NAUGATUCK — The Board of Mayor and Burgesses will hold a hearing Tuesday on a new ordinance creating benefit standards for full-time elected officials, and revisions to an ordinance that outlines a pension plan for some non-union employees.
The changes are being proposed by a subcommittee of burgesses that Mayor Robert Mezzo created two years ago, after then-Town Clerk Sophie Morton retired with a $26,000 payout for unused sick and vacation time.
Burgesses argued that elected officials, such as the town clerk, should not qualify for sick or vacation time because they are not contracted to work set hours.
The new ordinance, No. 124, would apply to the mayor, town clerk and tax collector. It stipulates their salaries would be set by the non-union salary review board, the finance board and the borough board. They would get 20 days of paid time off per year that will not be accrued or cumulative from year to year, and they would not be eligible for compensatory time.
Full-time elected officials would be eligible to participate in the borough group medical plan and, at the end of an elected term, could qualify for temporary continuing coverage. They are also eligible to participate in the defined contribution pension program, and the borough board has yet to decide what percentage of matching contribution it could make, said Burgess Patrick Scully, chairman of the subcommittee proposing the changes.
“It was clarifying the policy that everybody believed was there,” Scully said of the new ordinance.
Ordinance No. 83, created in 1988, governed pensions for non-union employees except the mayor. It has been changed to exclude the town clerk and tax collector, and to say employees hired after June 13, 2011, will now be placed into defined contribution pension plans similar to 401(k)s. The ordinance was clarified to exclude borough employees with individual contracts, such as the controller and the assessor.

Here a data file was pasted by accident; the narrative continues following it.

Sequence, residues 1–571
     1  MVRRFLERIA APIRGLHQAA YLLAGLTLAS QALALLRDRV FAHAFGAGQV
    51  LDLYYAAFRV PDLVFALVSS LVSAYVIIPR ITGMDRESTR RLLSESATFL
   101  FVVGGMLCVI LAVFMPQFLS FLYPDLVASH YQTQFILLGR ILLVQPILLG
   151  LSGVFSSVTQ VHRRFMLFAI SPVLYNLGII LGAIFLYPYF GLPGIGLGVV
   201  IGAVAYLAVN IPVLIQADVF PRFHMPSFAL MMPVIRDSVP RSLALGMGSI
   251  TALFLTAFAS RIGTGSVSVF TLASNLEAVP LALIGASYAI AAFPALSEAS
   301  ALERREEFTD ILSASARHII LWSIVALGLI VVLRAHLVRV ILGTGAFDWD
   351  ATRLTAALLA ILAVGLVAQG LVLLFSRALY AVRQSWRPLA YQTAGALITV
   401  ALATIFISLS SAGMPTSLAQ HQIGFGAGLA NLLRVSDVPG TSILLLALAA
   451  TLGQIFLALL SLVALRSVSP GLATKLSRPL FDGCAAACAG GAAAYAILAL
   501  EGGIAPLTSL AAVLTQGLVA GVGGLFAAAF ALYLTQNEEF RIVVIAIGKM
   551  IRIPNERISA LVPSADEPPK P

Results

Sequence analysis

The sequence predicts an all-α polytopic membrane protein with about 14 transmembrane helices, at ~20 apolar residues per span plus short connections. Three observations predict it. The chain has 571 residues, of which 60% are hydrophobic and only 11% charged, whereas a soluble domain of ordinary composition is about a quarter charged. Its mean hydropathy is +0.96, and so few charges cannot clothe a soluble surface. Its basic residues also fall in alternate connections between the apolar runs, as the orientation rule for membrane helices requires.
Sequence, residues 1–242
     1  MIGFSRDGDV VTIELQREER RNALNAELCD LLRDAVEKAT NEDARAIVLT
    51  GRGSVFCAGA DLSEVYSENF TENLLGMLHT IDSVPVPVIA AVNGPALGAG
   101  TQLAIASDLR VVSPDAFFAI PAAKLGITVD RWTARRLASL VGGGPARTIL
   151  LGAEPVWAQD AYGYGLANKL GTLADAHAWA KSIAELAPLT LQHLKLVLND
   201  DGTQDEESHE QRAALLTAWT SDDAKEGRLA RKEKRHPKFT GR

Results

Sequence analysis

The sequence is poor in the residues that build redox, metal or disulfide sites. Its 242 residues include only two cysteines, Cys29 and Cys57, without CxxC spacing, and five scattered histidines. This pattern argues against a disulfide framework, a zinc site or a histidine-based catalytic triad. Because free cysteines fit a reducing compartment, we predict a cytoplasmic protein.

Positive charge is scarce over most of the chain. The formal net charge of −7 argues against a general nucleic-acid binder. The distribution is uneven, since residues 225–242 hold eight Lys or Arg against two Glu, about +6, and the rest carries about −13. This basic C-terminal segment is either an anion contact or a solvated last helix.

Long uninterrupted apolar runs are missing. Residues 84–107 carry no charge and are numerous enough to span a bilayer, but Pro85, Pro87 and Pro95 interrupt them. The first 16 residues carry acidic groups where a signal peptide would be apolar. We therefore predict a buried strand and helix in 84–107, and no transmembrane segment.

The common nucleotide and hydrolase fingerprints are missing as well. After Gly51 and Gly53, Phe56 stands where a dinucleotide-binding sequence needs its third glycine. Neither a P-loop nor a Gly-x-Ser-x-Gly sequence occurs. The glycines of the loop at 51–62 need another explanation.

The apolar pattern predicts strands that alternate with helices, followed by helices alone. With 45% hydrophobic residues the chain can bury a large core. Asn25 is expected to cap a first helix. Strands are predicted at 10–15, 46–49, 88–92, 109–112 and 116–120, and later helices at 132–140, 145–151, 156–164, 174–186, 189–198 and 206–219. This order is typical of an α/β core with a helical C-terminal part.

The ordinance only applies to a handful of people working for the school system or borough social service agencies, Scully said.
Those governed by the ordinance who began contributing to the pension fund before Sept. 1, 1988, are entitled to accumulated sick leave payments. That provision entitled Morton to her payout for sick time.
The borough board is not required to hold a hearing on the proposed changes, but Scully said he thought it was right to do so. The hearing will be held Tuesday at 5:45 p.m. in the Hall of Burgesses in Town Hall, 229 Church St. The board might adopt changes at its regular meeting the same night, which begins at 7 p.m.
“Nobody could question that we did something behind closed doors,” Scully said. “If they agree with it, they should come out and support it. If they don’t, they should come out and not support it.”